“We had to protect it,” Aresco said. “We couldn’t let anyone see it because we had to trademark it.”

That created a problem, because Aresco wanted to make sure that his conference member’s athletes and administrators all were fans of the logo he had developed. “We’ve got to make sure we have buy-in,” he said.

So what the AAC did was fly around the country to each of the member institutions, inviting a sampling of everyone involved with the school’s athletic department — presidents, ADs, coaches, athletes from revenue sports, athletes from Olympic sports — to get their feedback. The support was overwhelming.

Now that Aresco had a logo, he could actually get to work on turning the league into the powerhouse he believes it can be. Things like ensuring that all of the league’s basketball games will be aired on a national platform, whether it be ESPN, ESPN3 or CBS Sports Network. Or taking the time to talk to reporters to push support for his conference.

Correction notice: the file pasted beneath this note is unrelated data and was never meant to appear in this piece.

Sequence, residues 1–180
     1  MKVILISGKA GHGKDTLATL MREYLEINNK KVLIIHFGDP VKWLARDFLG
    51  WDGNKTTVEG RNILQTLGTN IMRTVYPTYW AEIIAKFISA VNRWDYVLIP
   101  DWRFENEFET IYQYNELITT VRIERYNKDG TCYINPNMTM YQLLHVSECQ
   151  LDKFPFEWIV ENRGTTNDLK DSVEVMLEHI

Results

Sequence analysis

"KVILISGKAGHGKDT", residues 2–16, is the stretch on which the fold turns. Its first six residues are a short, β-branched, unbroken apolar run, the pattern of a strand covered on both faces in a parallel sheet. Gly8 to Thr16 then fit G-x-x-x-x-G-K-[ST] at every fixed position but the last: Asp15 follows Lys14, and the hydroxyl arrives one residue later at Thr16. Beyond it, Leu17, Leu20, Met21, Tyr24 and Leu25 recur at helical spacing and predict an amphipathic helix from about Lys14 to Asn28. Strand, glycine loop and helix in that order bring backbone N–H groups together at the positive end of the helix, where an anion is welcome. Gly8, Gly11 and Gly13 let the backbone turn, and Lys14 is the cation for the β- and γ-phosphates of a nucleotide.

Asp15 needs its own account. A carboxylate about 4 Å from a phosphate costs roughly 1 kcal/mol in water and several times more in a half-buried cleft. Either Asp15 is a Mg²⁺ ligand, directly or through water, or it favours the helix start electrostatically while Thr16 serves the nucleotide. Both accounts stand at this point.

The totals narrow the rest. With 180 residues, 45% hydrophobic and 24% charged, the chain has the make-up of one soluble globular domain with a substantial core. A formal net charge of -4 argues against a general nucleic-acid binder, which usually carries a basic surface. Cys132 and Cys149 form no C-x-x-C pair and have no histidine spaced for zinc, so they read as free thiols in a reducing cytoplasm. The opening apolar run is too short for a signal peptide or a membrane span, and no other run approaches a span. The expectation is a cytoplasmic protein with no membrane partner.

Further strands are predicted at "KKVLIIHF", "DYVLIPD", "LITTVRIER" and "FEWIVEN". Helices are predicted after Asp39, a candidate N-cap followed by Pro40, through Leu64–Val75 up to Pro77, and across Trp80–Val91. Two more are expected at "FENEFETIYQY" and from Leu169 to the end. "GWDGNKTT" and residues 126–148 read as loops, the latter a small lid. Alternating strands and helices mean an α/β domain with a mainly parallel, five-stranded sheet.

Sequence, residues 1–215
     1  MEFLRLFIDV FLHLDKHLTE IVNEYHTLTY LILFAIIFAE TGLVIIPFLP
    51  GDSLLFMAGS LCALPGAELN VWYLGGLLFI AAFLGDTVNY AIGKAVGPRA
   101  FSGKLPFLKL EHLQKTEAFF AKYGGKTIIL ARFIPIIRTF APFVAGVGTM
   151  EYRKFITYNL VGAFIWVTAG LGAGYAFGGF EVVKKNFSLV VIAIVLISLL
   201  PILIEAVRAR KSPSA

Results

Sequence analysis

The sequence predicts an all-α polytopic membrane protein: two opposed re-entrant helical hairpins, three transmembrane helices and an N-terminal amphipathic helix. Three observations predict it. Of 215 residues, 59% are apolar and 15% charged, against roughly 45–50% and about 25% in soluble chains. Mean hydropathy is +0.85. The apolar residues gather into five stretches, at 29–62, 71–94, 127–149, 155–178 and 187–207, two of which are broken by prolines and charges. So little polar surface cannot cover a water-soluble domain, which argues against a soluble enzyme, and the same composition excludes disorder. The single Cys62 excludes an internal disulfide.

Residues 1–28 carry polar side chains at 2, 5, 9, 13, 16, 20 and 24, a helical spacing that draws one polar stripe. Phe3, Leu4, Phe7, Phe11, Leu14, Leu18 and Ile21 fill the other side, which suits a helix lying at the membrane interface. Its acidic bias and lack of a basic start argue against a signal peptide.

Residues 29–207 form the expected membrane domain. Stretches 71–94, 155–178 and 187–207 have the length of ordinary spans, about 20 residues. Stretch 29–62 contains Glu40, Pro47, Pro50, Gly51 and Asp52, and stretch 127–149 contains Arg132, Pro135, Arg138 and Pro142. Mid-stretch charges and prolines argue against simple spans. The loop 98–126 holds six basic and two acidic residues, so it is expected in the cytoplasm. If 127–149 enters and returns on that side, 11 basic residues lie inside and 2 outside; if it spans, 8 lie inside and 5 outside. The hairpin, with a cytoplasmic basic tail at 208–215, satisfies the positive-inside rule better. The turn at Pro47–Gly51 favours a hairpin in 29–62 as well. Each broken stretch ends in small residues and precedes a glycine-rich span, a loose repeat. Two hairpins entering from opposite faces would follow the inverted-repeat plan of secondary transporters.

That may not be the most glorious part of his job, but it’s certainly better than trying to figure out who is trying to jettison themselves from the conference.

“If you ask me how it’s going compared to eight or nine months ago, it’s going extremely well,” he said. “We’re rejuvenated. We’re optimistic.”

“It’s been tough. We went through a period of real instability where we weren’t sure what we would have. We weren’t sure that we’d be here.”

Thursday marked the official beginning of the AAC as a conference, as three league members began their football seasons on opening night.

As it turns out, that’s anything but a chance for Aresco to slow down.

Two of the three AAC teams in action lost last night, with UConn losing to Towson at home (by 15!) and Rutgers dropping a road date with Fresno State in overtime.

Such is life when you’re trying to kickstart a rebranded league.

#CBTtop100: Counting down the Top 100 Players in college basketball

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We’ll be counting down the top 100 players in college basketball all week long. Be sure to check back here throughout the week as the countdown continues over @CBTonNBC.